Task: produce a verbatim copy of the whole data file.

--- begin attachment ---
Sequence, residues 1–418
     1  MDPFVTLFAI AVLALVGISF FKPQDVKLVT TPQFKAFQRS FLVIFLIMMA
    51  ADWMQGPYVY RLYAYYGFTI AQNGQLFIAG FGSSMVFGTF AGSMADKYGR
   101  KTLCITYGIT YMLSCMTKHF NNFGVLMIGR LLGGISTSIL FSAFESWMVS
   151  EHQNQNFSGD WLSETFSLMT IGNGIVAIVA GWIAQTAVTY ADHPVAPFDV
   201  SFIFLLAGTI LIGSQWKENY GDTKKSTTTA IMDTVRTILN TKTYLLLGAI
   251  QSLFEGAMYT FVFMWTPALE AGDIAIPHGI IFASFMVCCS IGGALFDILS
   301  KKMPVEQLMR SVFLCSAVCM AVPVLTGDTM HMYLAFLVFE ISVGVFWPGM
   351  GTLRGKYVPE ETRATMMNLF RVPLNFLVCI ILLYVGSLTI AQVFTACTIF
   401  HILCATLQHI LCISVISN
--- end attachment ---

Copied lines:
Sequence, residues 1–418
     1  MDPFVTLFAI AVLALVGISF FKPQDVKLVT TPQFKAFQRS FLVIFLIMMA
    51  ADWMQGPYVY RLYAYYGFTI AQNGQLFIAG FGSSMVFGTF AGSMADKYGR
   101  KTLCITYGIT YMLSCMTKHF NNFGVLMIGR LLGGISTSIL FSAFESWMVS
   151  EHQNQNFSGD WLSETFSLMT IGNGIVAIVA GWIAQTAVTY ADHPVAPFDV
   201  SFIFLLAGTI LIGSQWKENY GDTKKSTTTA IMDTVRTILN TKTYLLLGAI
   251  QSLFEGAMYT FVFMWTPALE AGDIAIPHGI IFASFMVCCS IGGALFDILS
   301  KKMPVEQLMR SVFLCSAVCM AVPVLTGDTM HMYLAFLVFE ISVGVFWPGM
   351  GTLRGKYVPE ETRATMMNLF RVPLNFLVCI ILLYVGSLTI AQVFTACTIF
   401  HILCATLQHI LCISVISN